Mike Berners-Lee addresses fossil fuels, carbon footprints, urban transport and other daunting questions about protecting the planet, making this complicated subject feel a little more manageable in ‘There Is N0 Planet B’
Review by Chris Fitch
How bad are fossil fuels? What’s the carbon footprint of agriculture? How can we sort out urban transport? If only someone could answer these and even more daunting questions about protecting the planet, perhaps this complicated subject might feel a little more manageable. Thankfully, sustainability consultant Mike Berners-Lee has written a book doing exactly that.
From growing food to car travel, ocean acidification to carbon taxes, he tackles everything from the simplest to the most complex issues revolving around climate change and other anthropogenic environmental challenges with basic facts and straightforward language. Is nuclear nasty? Is local food best? Should I fly? Yes, sometimes, and it depends, says Berners-Lee. When the answer is ambiguous, he says so, instead of pushing the reader towards a neat and tidy answer where one doesn’t exist.
Food is certainly a sensible place to start. He repeatedly demonstrates how huge the emissions generated by what we choose to put in our mouths are (especially meat and dairy) something he argues are missing from debates about the climate. He is capable of explaining issues such as how misleading the ‘air miles’ metric can be, with nutrition derived from sun-drenched distant shores often requiring far less energy than equivalents grown in greenhouses closer to home (as long as they avoid air freight). Other major topics include the various alternative energy options to keep fossil fuels in the ground, the role of new technologies in changing ways of travel, and rules for running a sustainable business.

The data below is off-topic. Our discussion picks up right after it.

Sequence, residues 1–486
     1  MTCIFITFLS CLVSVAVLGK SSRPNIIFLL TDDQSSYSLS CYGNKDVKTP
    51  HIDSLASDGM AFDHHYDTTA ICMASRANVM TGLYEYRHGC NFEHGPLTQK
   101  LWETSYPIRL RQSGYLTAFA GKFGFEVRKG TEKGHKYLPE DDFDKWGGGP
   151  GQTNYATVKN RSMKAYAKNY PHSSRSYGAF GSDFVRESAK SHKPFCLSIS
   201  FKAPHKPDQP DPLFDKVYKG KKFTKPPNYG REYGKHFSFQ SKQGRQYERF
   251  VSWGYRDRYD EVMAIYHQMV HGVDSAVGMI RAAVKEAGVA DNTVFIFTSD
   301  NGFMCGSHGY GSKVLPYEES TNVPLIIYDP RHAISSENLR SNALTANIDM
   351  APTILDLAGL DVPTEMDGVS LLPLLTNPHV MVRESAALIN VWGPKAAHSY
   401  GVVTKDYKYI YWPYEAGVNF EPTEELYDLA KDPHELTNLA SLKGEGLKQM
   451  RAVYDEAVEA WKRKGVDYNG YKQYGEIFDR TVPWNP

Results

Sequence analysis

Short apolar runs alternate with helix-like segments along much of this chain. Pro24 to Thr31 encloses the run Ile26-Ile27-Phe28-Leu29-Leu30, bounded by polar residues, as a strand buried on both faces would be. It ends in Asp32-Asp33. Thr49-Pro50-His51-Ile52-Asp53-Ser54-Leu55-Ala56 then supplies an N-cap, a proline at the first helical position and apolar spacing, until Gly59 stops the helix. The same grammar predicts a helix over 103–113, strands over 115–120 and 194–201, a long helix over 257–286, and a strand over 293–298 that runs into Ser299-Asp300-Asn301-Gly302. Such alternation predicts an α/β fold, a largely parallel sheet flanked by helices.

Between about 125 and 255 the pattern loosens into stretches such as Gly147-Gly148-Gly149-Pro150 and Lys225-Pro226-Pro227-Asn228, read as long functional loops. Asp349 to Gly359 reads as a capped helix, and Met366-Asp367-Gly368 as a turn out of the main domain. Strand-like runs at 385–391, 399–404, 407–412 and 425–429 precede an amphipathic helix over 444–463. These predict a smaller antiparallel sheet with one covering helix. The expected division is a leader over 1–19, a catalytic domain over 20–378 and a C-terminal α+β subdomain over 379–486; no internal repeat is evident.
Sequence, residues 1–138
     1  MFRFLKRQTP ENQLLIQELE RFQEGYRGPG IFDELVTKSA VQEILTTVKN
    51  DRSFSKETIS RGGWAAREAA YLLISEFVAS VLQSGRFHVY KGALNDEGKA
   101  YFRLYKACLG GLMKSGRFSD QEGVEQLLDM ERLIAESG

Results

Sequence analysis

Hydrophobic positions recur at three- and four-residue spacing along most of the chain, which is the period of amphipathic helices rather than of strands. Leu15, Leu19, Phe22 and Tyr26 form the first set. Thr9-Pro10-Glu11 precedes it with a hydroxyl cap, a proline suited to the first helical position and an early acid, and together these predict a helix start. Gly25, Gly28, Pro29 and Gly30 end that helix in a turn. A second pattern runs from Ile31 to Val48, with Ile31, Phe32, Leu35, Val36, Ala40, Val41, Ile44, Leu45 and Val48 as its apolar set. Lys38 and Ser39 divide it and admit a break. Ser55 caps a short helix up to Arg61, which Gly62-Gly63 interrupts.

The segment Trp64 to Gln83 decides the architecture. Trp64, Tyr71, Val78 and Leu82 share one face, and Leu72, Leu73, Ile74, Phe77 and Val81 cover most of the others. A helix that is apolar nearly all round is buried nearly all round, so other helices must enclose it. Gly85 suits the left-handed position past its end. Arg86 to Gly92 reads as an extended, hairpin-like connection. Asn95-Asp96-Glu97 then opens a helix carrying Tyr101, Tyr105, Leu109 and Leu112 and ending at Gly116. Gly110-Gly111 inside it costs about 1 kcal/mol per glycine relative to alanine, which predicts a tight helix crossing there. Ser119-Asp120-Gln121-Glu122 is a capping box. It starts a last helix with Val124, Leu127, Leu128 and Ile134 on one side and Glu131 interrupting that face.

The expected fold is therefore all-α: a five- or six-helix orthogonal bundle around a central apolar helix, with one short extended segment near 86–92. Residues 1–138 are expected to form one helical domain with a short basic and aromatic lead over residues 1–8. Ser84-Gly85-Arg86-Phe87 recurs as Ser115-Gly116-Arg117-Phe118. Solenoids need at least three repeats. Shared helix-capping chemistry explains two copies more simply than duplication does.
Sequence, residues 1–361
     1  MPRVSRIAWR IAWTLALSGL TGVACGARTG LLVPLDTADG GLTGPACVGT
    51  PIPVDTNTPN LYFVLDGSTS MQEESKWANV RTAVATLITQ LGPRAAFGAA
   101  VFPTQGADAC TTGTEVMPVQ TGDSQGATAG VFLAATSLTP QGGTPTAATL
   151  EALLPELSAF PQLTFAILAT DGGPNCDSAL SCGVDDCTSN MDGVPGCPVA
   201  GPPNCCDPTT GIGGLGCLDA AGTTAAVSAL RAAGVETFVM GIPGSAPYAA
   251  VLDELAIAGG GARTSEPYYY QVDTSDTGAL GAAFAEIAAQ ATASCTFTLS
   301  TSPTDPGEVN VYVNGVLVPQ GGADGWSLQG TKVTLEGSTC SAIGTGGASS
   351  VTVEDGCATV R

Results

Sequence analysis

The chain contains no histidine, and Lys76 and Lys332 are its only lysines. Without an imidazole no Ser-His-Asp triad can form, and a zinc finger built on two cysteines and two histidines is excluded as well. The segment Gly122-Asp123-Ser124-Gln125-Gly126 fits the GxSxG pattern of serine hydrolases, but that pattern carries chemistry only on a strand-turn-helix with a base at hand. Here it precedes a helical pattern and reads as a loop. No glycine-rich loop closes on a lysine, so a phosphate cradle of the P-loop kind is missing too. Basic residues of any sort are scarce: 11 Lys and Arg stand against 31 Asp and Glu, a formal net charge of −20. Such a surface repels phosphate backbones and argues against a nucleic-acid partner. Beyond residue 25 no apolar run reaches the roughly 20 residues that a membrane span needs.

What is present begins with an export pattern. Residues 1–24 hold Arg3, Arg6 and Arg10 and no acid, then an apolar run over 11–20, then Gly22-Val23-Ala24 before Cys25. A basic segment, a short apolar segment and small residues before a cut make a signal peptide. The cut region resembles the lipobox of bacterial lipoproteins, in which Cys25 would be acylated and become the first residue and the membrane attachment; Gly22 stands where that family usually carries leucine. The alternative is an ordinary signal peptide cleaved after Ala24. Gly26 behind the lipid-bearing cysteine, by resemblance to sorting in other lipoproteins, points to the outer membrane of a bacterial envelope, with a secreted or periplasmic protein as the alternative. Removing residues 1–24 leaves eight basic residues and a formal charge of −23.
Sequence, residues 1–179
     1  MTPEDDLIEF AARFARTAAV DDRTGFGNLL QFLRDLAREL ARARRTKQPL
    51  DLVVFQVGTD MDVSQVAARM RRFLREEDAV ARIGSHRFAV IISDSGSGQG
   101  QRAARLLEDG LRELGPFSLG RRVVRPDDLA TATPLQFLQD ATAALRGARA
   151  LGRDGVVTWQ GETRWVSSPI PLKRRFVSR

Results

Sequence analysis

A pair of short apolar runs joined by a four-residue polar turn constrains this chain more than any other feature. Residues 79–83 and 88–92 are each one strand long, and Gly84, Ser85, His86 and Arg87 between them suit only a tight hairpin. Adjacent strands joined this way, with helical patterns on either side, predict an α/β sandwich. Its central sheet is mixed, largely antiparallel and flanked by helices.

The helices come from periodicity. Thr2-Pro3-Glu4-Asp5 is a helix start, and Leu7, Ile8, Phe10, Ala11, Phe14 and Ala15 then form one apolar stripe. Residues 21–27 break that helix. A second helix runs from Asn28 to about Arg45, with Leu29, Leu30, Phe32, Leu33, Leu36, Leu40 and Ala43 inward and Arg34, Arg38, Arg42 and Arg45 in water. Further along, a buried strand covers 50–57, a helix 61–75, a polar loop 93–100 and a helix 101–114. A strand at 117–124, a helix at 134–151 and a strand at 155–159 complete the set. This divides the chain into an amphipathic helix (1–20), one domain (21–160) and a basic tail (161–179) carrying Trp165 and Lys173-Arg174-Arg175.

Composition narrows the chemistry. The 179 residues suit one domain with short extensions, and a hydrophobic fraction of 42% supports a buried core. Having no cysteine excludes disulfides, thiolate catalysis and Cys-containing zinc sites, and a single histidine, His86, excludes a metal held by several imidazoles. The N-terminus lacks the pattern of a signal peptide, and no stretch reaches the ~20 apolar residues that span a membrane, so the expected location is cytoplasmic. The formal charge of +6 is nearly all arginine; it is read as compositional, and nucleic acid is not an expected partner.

Even though this book serves as something of a ‘saving the planet for dummies’, there is plenty of information contained within to plug the gaps in the knowledge banks of even those of us who spend an above average amount of time researching these problems. The huge detrimental effect biofuels could have on the global food supply, the many thousands of miles that an e-bike can obtain from a single square metre of solar panels, and the depressing way ‘rebound effects’ can cancel out progress made in energy efficiency, are all key points I personally have a far enhanced understanding of than before I picked up the book.
In many ways There is No Planet B reads like a grand manifesto for a politician running for office (albeit a very liberal and unusually scientifically-literate politician). Questions about topics as diverse as prison reform, the welfare state, and the state of democracy might not immediately appear to be related to climate change. But when considered in context with Berners-Lee’s vision for a global society of more purpose and less unproductive work hours, it all plays its part in how he argues society needs to be totally reorganised in order to operate within the new dynamic of the Anthropocene. Certainly his thoughts about intrinsic versus extrinsic values, or the philosophical nature of ‘truth’, would be very unlikely to ever appear in scientific literature. It’s a declaration of the many complicated steps required to mitigate extreme climate change – with an emphasis on how interlinked these many steps are – that empathises how impossible it is to think about each issue in isolation.
The sad truth is that – with issues so convoluted as to require an entire book for him to merely skim over each one – its main achievement is simply underlining just how complicated the modern world is. Berners-Lee clearly illustrates how many external factors there are to consider, how many hundreds and thousands of plates we have to keep spinning, to solve just one problem without making others even worse. As he puts in his title, these are the ‘make or break years’, and with so many issues now competing for attention (not to mention interested parties keen to interfere with our perceptions, a topic he is hardly able to get into) the challenge is immense. Perhaps most charming is the number of times Berners-Lee drops his personal email into the text, with a comment along the lines of: ‘If you know the answer, please tell me. Then I can tell everyone else.’
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